labels: interviews, profiles
Baffled behemoth news
Venkatachari Jagannathan
17 June 2002

Chennai: Bharat Sanchar Nigam Ltd (BSNL) chairman and managing director Prithipal Singh and his team never played a game called competition, forget winning it. And, now, when private players not just play that sport but play it dirty, they are so baffled that they forget to even cry foul.

It's not just undercutting that Singh, an electrical engineering graduate, has to contend with, but also under-the-ground cable-cutting. Recently, BSNL-Chennai officials found 1,200 lines burnt in the Chamiers Road area, an upmarket commercial and residential district, and lines to a residential complex cut with blades.

While digging roads, damages are quite common. But at Chamiers Road a router was damaged and the cables were burnt, proving sabotage. The needle of suspicion, says a BSNL official, points towards competition. Not just that. State government officials, on their part, do not allow BSNL, formerly department of telecommunications, to expand its network by laying cables along the roads.

To make things worse, Chennai's roads have been potholed by three private basic-service providers - Bharti Telnet, Reliance Infocom and Tata Teleservices - and Bharti Telnet has commenced its operations recently. Even in Kerala, where supposedly anti-bourgeois communists rule the roost, the public sector BSNL was denied permission to lay cables, while a private player gleefully ploughed the city roads.

Singh, while questioning the need for competition, with the private players connecting just 7-8 lakh lines as against BSNL's 3.5 crore lines, says: "Even if the customer-access code system comes into effect, the additional features and services we will be introducing will keep our subscribers loyal to us."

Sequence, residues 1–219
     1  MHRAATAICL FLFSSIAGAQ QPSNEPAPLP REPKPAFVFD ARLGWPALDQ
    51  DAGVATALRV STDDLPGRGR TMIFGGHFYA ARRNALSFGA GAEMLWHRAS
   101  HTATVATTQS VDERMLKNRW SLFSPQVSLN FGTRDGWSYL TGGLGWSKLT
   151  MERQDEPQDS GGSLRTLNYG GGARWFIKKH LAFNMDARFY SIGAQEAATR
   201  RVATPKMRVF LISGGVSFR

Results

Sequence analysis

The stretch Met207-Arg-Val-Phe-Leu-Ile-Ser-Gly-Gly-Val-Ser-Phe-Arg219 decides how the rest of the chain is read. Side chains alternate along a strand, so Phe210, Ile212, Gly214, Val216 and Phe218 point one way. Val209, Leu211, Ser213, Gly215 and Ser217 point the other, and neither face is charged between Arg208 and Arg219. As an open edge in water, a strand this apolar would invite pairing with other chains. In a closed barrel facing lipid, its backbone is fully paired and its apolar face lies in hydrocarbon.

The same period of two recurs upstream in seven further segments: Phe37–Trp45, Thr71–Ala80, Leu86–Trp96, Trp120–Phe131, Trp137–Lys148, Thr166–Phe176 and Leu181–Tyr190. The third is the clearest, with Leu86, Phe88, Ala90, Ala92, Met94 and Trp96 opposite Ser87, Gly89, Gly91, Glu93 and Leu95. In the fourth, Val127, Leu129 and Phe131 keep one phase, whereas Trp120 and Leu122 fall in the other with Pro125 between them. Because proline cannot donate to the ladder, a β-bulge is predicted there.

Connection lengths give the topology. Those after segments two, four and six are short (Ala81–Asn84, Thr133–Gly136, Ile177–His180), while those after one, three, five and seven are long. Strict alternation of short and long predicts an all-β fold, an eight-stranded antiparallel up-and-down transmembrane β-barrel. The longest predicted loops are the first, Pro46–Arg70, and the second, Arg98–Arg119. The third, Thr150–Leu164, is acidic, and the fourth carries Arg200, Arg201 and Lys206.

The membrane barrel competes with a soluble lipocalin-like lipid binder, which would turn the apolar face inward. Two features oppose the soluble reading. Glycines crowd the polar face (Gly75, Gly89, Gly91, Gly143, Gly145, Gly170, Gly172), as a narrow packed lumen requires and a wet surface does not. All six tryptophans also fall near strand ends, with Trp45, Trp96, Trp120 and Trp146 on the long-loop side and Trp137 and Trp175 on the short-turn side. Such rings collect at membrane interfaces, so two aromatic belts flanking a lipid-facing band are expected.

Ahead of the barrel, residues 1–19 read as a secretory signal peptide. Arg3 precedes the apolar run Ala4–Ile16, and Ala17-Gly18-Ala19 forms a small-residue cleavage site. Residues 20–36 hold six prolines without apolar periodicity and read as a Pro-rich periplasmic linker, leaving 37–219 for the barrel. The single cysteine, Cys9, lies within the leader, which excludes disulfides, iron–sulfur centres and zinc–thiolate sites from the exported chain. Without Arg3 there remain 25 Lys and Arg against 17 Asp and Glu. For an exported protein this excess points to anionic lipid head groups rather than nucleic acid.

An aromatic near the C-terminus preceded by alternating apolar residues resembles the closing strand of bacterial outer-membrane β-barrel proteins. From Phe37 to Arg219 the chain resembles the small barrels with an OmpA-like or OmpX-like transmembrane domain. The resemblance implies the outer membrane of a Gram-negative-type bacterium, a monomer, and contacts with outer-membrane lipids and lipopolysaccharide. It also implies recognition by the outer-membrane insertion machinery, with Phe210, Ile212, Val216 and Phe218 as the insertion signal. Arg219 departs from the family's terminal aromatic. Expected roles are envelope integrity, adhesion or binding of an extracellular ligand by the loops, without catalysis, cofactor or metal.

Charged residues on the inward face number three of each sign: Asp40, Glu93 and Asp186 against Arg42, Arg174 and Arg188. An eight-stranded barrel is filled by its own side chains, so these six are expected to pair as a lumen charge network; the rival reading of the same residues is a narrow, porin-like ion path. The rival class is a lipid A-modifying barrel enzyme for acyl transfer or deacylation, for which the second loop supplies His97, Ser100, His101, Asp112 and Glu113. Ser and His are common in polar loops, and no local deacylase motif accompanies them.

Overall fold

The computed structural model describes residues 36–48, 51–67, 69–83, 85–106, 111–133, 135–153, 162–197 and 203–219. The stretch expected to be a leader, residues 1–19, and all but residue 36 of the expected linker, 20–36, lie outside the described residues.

But just that doesn't make Singh complacent. He has drawn up investment programmes to the tune of Rs 14,000 crore and is charting out plans for BSNL to foray into new areas like mobile and Internet telephony, video-on-demand, broadband connectivity, call centres and others.

He also wants the Rs 24,000-crore-revenue BSNL to effectively venture into the retail market by opening tele-shoppes, assuring phone connections in three days in major markets. BSNL also plans to increase its Internet subscription to 5 lakh this year from the current base of 2.5 lakh. As a social commitment, BSNL-Chennai has instituted an award of Rs 1,000 to assist pursuit of further education to meritorious students in 25 municipal and corporation schools.

"We hope to close this fiscal with a turnover of Rs 40,000 crore," a confident Singh tells domain-b. Excerpts from the interview:

Is BSNL planning to get into entertainment or television cable operation activity?
We are entering the home entertainment segment, but not as a cable operator. We want to exploit the full potential of our existing infrastructure that goes into subscriber premises. Our copper cable pair at the subscriber-end, apart from carrying voice traffic, can be used to offer other services like video and broadband Internet connectivity. And we want to tap this potential. We are in talks with Prasar Bharathi and a couple of other content providers. Our role is restricted to offering our infrastructure for content providers to beam their signals in urban and rural areas in exchange for a carriage fee.

Can you throw some light on the investment plan of BSNL this year and its financing pattern?